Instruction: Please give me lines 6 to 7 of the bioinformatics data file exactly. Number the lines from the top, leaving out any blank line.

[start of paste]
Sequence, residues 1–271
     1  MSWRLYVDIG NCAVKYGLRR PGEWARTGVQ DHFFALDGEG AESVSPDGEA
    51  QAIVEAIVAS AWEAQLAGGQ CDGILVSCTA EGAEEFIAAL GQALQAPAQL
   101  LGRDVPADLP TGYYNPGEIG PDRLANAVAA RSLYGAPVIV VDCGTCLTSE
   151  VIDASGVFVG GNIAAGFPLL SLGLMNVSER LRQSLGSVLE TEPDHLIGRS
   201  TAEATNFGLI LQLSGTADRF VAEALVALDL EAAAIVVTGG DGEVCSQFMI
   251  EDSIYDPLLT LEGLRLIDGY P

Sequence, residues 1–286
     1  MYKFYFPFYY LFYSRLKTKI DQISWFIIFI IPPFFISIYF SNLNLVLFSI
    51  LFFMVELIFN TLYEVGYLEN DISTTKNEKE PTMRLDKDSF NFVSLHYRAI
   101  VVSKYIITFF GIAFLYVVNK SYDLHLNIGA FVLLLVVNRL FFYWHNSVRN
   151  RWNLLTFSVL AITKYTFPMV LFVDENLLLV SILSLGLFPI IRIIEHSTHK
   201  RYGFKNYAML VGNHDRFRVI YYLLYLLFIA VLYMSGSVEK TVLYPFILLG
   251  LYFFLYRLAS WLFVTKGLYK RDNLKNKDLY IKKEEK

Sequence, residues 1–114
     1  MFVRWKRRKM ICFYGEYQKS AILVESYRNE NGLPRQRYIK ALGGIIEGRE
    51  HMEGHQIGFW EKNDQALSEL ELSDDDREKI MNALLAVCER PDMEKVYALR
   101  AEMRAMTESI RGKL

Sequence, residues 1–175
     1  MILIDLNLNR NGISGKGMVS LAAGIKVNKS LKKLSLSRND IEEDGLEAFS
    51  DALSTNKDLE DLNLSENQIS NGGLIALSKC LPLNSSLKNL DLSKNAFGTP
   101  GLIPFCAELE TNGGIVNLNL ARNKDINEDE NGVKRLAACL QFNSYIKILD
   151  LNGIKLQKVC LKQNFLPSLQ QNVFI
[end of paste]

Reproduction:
   201  TAEATNFGLI LQLSGTADRF VAEALVALDL EAAAIVVTGG DGEVCSQFMI
   251  EDSIYDPLLT LEGLRLIDGY P